The British writer Charles Dickens has given the world of literature some of its most famous stories and characters. “A Christmas Carol,” “Oliver Twist,” “Great Expectations” and “David Copperfield” are but a few in the long list of notable works Dickens penned. The characters Ebenezer Scrooge, Tiny Tim, Miss Havisham and Uriah Heep are a handful of the indelible figures Dickens etched upon the collective psyche of many through the telling of stories that resonate as profoundly today as they did over a century and a half ago.
Great stories, like great people, are timeless.
What made Dickens’ so real and believable is that much of his writing came from his own life experience. One of eight kids, Dickens would early on experience the blistering pain and unsettledness that life can sometimes bring.
When Dickens was around age 12, his dad was sent to what was known as “debtors prison.” His father owed a debt, couldn’t repay it and so had to go to jail. Dickens’ mother, along with the two youngest kids, also moved into the jail. Dickens and his oldest sister had to go it alone. Such was life in 19th century Britain.
Dickens was sent to work in a factory to help pay off his father’s debts. The sensitive, 12 year-old-boy had to live in a boarding house alone and work in a factory while almost his entire family lived in a prison.
Dickens learned some bitter lessons very early in life. The most profound lesson? Poverty was perilous. He saw firsthand that the most burdensome, frightening and ever-present penalty that stalked the lives of the poor was prison. The risk that a lack of money could lead to a lack of freedom was a lesson Dickens never forgot, and his treasured writings serve as proof.
Debtors prisons used to be common. Poor people who didn’t have the means to pay off a court-ordered judgment would be placed in prison (oftentimes locked workhouses) until their debt was paid off or they could get someone to pay it off for them. Reform, however, eventually brought about an end to this practice.
In the United States, an 1833 federal law forbade debtors prisons. And in 1983 the U.S. Supreme Court in Bearden v. Georgia ruled that putting people in jail who were too poor to pay their debts, fines or fees was a violation of the 14th Amendment’s Equal Protection Clause if no indigency (ability to pay) hearing was held. Today, in not just the U.S., but throughout much of the developed world, debtors prisons are illegal. Theoretically.
Here in the U.S., while not using the same name but imposing the same strictures, the criminal justice system in many states and localities operate as de facto debtors prisons. In a 2010 study titled “Drawing Blood from Stones: Legal Debt and Social Inequality in the United States,” a group of University of Washington researchers found that around 10 million Americans had more than $50 billion in outstanding fines and fees that placed many on a treadmill of perpetual indebtedness to the state and time behind bars.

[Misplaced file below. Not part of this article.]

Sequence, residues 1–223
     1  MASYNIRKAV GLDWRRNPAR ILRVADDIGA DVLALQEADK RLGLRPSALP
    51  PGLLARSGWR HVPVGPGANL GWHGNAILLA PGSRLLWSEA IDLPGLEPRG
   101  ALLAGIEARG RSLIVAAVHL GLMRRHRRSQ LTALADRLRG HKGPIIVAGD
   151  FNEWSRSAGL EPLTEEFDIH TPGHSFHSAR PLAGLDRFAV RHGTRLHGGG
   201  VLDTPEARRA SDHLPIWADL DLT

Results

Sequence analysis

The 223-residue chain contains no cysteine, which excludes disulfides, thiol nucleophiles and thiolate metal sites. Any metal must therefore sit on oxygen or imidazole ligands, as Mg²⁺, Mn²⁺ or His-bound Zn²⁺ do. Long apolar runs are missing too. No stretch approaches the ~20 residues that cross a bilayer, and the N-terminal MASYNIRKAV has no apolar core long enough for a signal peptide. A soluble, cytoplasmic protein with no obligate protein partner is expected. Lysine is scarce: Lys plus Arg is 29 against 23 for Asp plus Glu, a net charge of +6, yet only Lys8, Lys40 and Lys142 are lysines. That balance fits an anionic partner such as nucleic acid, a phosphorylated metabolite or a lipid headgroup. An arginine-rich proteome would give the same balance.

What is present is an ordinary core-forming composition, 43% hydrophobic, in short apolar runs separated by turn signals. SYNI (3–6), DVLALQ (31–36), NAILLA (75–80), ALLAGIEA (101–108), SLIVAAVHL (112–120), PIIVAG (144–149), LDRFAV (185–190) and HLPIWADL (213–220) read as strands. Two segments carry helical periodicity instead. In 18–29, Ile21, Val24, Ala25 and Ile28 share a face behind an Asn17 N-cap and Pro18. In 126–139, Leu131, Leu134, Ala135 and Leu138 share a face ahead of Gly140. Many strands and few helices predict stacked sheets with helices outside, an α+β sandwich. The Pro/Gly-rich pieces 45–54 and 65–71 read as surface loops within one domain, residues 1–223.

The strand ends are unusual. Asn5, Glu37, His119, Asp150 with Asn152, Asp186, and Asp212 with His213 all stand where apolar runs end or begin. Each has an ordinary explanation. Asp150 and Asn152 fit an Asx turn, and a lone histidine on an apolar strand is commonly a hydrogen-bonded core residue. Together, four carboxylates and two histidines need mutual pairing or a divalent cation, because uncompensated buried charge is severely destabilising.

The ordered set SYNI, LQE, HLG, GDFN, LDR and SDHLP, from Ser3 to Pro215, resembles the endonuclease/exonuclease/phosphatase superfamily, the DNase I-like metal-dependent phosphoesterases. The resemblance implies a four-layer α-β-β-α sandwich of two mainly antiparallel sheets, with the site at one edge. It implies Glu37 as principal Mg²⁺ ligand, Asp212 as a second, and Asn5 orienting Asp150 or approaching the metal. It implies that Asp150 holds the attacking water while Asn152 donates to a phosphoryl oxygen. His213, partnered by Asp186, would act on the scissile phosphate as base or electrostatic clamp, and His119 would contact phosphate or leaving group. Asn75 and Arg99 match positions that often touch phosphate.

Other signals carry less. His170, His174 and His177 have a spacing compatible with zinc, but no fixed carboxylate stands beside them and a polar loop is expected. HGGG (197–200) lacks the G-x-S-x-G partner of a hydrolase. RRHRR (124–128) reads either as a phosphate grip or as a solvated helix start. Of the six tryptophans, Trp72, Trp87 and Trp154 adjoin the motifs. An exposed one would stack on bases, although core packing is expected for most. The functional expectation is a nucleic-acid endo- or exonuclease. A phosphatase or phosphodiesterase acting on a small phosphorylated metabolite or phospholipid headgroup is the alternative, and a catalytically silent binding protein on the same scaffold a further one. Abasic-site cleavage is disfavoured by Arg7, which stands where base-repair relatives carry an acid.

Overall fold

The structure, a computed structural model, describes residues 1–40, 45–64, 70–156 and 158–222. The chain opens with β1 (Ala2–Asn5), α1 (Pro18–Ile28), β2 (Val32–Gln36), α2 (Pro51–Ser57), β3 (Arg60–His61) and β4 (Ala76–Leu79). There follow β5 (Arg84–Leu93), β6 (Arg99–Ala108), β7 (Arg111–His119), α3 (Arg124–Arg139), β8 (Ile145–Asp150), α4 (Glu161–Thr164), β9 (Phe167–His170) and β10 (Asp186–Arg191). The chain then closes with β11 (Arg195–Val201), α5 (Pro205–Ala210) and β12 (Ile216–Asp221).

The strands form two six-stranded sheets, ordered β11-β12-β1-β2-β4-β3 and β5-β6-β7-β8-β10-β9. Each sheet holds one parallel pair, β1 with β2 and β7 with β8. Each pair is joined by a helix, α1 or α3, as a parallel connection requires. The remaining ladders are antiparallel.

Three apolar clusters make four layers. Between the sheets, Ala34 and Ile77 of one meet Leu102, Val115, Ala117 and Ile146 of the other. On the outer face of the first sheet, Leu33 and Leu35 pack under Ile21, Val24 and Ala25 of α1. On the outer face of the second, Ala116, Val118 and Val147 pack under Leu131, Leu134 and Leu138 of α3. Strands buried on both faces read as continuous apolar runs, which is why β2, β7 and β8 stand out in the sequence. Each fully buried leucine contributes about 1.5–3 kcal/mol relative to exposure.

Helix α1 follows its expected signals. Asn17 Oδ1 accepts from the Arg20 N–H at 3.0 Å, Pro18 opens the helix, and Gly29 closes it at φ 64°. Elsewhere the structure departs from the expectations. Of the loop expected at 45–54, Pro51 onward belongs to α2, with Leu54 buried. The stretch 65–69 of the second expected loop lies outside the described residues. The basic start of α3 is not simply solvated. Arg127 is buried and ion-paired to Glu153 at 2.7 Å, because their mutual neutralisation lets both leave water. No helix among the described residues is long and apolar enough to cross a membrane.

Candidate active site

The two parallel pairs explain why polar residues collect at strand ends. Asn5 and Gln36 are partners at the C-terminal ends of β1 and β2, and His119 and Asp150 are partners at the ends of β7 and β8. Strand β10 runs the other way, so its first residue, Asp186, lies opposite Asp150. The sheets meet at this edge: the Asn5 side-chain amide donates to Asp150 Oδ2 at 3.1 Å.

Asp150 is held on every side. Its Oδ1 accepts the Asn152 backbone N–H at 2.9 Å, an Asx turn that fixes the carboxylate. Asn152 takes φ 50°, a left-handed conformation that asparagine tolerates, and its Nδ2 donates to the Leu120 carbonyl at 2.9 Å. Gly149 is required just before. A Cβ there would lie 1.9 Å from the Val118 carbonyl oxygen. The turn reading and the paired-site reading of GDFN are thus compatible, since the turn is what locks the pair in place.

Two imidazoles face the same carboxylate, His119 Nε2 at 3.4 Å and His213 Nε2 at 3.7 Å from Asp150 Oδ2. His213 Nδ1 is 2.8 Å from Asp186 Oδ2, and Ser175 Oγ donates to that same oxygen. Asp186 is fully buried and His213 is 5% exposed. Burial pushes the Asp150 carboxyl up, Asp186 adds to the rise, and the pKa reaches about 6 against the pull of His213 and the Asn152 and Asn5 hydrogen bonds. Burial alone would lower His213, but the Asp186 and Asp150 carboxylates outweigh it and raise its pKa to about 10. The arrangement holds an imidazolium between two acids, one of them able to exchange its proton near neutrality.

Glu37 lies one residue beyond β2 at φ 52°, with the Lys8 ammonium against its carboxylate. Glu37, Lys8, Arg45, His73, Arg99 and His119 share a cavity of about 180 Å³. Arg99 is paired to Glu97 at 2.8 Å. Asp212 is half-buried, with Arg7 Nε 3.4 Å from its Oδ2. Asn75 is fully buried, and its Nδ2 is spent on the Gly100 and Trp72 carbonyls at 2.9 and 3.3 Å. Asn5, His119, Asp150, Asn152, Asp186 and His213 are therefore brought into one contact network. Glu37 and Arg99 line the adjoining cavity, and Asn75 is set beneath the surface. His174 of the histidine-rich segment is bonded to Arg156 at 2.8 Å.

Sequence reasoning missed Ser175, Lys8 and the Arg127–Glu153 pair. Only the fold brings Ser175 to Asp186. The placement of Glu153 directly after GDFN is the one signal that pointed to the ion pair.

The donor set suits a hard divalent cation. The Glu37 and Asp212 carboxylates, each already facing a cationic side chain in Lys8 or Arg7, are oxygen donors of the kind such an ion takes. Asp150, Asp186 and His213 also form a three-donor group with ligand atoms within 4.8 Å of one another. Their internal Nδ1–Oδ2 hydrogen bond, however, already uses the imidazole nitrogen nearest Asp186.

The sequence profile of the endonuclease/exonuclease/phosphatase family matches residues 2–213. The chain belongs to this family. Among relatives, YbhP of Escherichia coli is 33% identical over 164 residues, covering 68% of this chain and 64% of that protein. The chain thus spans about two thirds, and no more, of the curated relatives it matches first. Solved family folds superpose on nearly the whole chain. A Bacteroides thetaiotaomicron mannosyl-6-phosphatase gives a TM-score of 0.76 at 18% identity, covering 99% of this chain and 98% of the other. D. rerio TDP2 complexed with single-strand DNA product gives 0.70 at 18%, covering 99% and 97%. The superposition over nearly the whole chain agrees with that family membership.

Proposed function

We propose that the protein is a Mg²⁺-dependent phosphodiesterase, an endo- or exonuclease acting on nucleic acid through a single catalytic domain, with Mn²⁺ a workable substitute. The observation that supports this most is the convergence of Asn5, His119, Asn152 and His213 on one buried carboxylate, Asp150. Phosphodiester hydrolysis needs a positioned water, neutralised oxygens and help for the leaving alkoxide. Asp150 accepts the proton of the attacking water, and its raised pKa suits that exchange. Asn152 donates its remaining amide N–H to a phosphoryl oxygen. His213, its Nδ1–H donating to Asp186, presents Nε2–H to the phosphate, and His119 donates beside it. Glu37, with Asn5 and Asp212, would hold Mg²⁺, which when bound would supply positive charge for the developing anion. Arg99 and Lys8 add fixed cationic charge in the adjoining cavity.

Fees and fines from municipalities and states hang like millstones around the necks of the poor. Horribly, many poor people are purposefully preyed upon as state and local governments use this pay scheme as a main source of government revenue.
During the past several years a concerted bipartisan effort has been underway to address this egregious practice. In July 2016, I wrote a column titled “Quiet reform in Mobile’s criminal justice system.” In it I looked at how Mobile, without any outside pressure or agitation, set about reforming the management and practices of its jail and court system, as well as its bail and bond practices.
The Not Penalizing Poverty initiative, spearheaded by Mayor Sandy Stimpson’s office and implemented by Municipal Court Administrator Nathan Emmorey and Metro Jail Warden Trey Oliver, is targeted toward nonviolent, low-level offenders. In that column I quoted Oliver, who stated, “It allows certain defendants … to keep their jobs and repay their debt to society not by cash, but rather by physical labor and time spent improving the community.” The Not Penalizing Poverty program is not community service, because those who are allowed into it are under the custody and control of jail officials, which means they are serving their sentence.
Emmorey also opined in the column, “We hear about the very real problem of over-incarceration in our country; this is a way to serve a jail sentence without spending nights in jail away from families and taking fathers and mothers away from children.”
Additionally, I noted, “The underlying thrusts of these programs is that too often society has heavily penalized such offenders, not because their actions or crimes were severe, but simply because they lacked the resources to obtain their freedom.”
Mobile’s efforts highlight the seriousness those on both the political right and left have brought to bear on an issue that strikes at the core of who we are as Americans and what we believe about real justice, fairness and equal treatment.
However, last month one very important voice struck a different chord on this issue. Attorney General Jeff Sessions rescinded a Justice Department letter that warned municipalities and state courts about the dreaded and unlawful practice of forcing poor defendants to either pay their fines or be locked up.
Much has been made of Sessions’ recent actions on state marijuana laws, but of even greater importance is the message he’s sending concerning criminal justice reform. In a time when it’s been well-documented that debtors prisons have made a comeback, it’s very important that the nation’s top law enforcement officer send a clear message that no American will be penalized because of their poverty … that fines and fees will not be a de facto means of constantly incarcerating the poor — and filling government coffers.
Two things justice shouldn’t be is biased and heartless. That message has now become muddled.